Galo – Anacolosa frutescens
The galo is found mainly in backyards and forests as volunteer trees. Its potetntial for commercial production is being considered only now.
The galo is an erect shrub or tree that grows up to 25 m tall. The leaves are spade-like or tapering, measuring 7-15 cm long and 4.0-6.5 cm wide with dark green color. The flowers are small, white and numerous. The fruits is oblong or egg-shaped, measuring 1.8-2.0 cm long and 1.5-2.0 cm in diameter. The fruit consists of a light green peel, a thin shell and a large nut.
The pulp and kernel may be eaten fresh although the fruit is usually boiled to bring out the delicious taste. The kernel can also be roasted. The wood may be used as a house posts.
Soil and Climatic Requirements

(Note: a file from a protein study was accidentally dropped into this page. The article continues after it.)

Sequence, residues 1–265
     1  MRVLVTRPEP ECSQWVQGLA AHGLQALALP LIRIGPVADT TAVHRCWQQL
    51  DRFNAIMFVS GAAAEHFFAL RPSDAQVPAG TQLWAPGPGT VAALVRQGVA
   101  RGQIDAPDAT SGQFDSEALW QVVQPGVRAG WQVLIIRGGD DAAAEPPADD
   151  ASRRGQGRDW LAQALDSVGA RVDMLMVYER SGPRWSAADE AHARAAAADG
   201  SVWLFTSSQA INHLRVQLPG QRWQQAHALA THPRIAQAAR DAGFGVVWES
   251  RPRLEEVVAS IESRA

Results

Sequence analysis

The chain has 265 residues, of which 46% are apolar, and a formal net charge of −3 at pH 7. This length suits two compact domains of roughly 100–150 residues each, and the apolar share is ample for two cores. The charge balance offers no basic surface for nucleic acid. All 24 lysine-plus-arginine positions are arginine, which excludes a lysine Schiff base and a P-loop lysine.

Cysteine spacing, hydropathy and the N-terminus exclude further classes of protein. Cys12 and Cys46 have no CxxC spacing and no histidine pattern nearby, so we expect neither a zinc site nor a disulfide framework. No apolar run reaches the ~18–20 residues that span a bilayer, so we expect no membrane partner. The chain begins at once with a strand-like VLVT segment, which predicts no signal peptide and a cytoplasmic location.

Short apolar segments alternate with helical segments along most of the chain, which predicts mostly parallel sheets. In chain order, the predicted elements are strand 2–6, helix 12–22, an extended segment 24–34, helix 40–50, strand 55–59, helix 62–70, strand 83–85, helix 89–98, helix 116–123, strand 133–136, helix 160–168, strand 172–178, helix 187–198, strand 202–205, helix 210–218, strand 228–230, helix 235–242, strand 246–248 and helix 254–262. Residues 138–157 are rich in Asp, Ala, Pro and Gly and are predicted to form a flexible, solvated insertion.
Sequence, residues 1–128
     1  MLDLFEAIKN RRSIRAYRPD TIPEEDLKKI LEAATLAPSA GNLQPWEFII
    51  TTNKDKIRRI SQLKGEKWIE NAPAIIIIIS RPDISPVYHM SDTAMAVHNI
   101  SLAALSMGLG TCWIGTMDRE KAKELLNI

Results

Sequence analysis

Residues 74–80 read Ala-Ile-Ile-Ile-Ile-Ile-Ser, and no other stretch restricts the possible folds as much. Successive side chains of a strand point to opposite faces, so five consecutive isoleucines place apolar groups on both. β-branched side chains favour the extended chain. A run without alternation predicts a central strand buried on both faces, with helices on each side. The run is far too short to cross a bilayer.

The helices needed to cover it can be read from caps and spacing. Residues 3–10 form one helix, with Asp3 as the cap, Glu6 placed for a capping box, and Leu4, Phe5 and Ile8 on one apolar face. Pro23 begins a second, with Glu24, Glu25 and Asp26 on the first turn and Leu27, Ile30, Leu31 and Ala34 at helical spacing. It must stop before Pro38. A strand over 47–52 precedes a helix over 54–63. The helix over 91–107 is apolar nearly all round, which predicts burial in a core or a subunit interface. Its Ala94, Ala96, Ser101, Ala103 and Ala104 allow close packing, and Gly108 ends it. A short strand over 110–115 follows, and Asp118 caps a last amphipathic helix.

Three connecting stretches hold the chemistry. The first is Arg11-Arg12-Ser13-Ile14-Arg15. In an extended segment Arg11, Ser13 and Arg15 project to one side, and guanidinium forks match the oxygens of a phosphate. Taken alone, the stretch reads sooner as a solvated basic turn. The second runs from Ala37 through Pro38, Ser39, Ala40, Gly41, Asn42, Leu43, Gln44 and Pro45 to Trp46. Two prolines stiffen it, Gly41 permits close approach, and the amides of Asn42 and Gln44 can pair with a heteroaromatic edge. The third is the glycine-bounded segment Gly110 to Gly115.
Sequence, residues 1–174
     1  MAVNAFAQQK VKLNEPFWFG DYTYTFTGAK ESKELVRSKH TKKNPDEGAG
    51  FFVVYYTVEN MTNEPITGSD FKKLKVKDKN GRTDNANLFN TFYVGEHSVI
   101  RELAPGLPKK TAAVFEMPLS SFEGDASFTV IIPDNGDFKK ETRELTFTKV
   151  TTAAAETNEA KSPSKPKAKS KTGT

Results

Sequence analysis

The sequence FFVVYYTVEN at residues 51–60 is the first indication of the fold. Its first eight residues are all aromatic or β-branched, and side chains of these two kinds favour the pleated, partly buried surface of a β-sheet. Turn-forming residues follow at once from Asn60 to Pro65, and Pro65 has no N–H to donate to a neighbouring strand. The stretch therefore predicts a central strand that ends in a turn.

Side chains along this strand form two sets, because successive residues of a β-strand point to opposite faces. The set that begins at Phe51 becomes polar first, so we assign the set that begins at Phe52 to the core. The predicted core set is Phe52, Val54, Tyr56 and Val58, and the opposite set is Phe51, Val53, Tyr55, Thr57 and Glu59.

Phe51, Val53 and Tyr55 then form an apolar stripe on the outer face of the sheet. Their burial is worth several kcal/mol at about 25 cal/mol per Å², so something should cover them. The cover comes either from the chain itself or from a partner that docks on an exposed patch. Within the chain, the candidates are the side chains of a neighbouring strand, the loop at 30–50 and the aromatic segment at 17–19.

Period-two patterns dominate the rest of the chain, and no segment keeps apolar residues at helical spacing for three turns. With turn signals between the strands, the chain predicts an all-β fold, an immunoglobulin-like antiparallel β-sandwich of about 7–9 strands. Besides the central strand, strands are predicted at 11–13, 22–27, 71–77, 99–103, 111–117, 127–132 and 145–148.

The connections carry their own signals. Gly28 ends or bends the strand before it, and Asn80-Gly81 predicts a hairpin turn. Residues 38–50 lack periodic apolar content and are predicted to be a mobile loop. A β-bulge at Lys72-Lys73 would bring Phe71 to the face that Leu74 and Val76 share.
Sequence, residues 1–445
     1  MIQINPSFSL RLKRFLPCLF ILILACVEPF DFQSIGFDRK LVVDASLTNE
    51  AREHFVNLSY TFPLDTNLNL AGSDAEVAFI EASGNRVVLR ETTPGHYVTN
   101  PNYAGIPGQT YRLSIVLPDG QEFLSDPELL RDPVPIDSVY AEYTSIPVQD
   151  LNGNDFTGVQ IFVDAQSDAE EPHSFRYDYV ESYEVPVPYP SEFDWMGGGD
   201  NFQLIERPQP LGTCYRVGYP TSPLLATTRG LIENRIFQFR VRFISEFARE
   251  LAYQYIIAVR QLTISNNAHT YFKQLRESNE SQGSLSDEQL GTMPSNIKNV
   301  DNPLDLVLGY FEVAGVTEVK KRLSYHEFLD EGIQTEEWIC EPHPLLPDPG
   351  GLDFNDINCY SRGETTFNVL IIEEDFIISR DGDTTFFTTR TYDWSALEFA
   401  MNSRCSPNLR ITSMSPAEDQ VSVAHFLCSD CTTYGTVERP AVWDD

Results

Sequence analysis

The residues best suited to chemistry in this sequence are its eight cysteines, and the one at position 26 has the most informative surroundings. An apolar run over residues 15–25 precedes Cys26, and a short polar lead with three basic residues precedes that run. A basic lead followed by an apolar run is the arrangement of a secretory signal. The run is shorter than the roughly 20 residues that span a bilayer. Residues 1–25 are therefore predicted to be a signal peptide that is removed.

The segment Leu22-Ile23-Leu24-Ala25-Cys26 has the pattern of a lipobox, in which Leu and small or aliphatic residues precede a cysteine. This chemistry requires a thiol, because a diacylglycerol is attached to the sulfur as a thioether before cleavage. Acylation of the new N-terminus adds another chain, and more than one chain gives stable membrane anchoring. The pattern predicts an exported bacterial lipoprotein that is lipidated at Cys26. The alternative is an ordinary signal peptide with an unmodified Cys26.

Grow galo at low and medium altitude upt to 700 m in shady environments without pronounced dry season.
The galo can be propagated from seeds but germination takes more than 100 days. Propagation by air layering (or marcotting) which requires about four months until separation is possible but survival of marcots is poor. Cleft grafting is highly successful using one-year-old or older seedlings as rootstocks.
Not much is known about the cultural requirement of galo. There seems to be no serious diseases but exposed roots have been observed to have been damaged by borers.
Harvesting and Postharvest Handling
Harvest fruits when mature green although the right stage to harvest still has to be determined.
The fruits are sold green in local markets. To prolon shelf life, sun-dry for about three days prior to storage.
PROSEA leaflet no. 3